The Last Word: Stakes higher than ever for Canadiens' Price

Price enters the first season of his gargantuan eight-year contract. And the situation around him is bleak. His only option is to try to recapture some of his magic
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Whither Carey Price? If you’re searching for a Burning Question™ heading into the 2018-19 NHL season, they don’t get much more scorching, or vexing, than that one. All right, we’ll concede it’s not quite as white-hot as whether or not Bert and Ernie are gay – duh, they’re puppets – or precisely when Gritty, the Philadelphia Flyers’ new mascot, goes on his first murderous rampage, but it’s safe to say no star/superstar player in the NHL faces more uncertainty than Price does.

And both the short- and long-term fates of one of the most tradition-steeped franchises in NHL history hang in the balance depending upon the answer to that very question. It wasn’t long ago Price was at the top of the food chain when it came to the best goalies in the world and not even four years ago he was named both the best goalie and best player in the NHL. But when TSN compiled its list of the top 50 players at the start of the season, Price was nowhere to be found after being ranked fifth the previous year. We at THN were more charitable. Our Ryan Kennedy had Price 39th on his list of the top 50 players in the 2018-19 THN Yearbook, and when we ranked players by position, Price graded out as the fifth-best goalie, which was, ahem, generous.

That Price is entering the first season of an eight-year deal that will pay him $84 million – $70 million of it coming in guaranteed signing-bonus money – one year after enduring the worst season of his career, sets the stakes even higher. Only John Tavares will take home more money than Price this season. Tavares will make $15.9 million, while Price and Connor McDavid will have to make do with just $15 million. When it comes to cap hit, Price’s $10.5 million places him third with Jonathan Toews and Patrick Kane, behind McDavid and Tavares. At 31, Price is the oldest among those players.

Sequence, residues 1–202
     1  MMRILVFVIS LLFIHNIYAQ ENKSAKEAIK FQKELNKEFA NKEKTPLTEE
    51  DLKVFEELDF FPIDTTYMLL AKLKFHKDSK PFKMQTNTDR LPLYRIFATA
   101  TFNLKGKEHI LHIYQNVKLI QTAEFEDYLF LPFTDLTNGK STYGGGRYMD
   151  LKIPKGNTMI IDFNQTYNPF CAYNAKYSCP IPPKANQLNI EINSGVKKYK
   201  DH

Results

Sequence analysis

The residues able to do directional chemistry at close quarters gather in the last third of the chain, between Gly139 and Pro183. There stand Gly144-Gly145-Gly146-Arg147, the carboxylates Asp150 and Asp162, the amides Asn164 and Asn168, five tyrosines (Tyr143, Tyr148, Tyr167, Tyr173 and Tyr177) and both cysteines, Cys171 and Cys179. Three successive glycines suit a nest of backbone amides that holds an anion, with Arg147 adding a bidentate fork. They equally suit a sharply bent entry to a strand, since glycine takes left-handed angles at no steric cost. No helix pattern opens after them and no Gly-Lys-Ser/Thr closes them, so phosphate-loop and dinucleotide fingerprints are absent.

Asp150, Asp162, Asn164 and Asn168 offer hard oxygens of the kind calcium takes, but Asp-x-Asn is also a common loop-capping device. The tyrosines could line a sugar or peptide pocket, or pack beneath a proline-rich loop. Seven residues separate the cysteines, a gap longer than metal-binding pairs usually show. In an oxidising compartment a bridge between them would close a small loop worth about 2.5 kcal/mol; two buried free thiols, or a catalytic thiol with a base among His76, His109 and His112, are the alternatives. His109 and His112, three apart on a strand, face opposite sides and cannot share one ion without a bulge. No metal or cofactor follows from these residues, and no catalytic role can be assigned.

It was a spectacular plunge for Price, who really could not have had a worse season than the one he turned in last year. Among goalies who played 500 minutes, Price had a .746 save percentage on high-danger shots in 5-on-5 play, which placed him 64th among the 68 goalies who met that criterion. When it came to medium-danger chances, Price’s SP was .895, which put him 61st. That basically meant that last season, not only could Montreal not count on Price to bail them out when they gave up a 10-bell chance, they couldn’t even really rely on him to make the more routine saves.

If the Canadiens are to salvage anything from this season, that simply cannot happen again. There is not a lot to feel good about when it comes to this team, both for this season and the next couple, and not having Shea Weber anchoring the defense for at least half the season won’t help. And if one terrible season turns into two consecutive terrible seasons for Price, that will put the Canadiens in an almost untenable bind.

If that indeed does happen, Montreal will be looking at seven more years of an ironclad, likely untradeable contract, with what looks to be a rapidly declining asset on their hands. The Habs knew they were taking a risk signing a goalie who turned 31 this summer to a maximum extension last summer, but nobody could’ve envisioned Price would respond by turning in the worst season of his career. But Price would have turned down anything less than a maximum-term deal had he been offered it last summer and the Canadiens would have been faced with the prospect of losing him for nothing in unrestricted free agency. So they did what almost every team in the NHL would do in that situation and they took the path of least resistance. Instead of daring Price to be one of the best goalies and risk losing him, they signed him to a deal that would keep them beholden to him for nine more years and that’s where things sit now.

Price cannot do anything about the fact the team he will be backstopping is sure to be a bottom-feeder this season. He can’t change the fact the Canadiens’ search for a No. 1 center has again been a fruitless endeavor and it’s likely Max Domi will be the one to carry that load. Price cannot control Weber’s injury status, nor can he do anything about a roster that is sorely lacking depth at both forward and defense.

But he can control the way he plays. By all accounts, he came to camp leaner and fitter and with a fresh attitude. Last season, a bout of chronic fatigue was blamed for his first-half woes when both he and the Habs fell hopelessly into a hole from which they were never able to extricate themselves. It’s safe to assume that even if Price can rebound, he won’t be the same goalie who ruled the world just four years ago, given his age. But he can be better. And he must.

This story appears in the November 5, 2018 issue of The Hockey News magazine.



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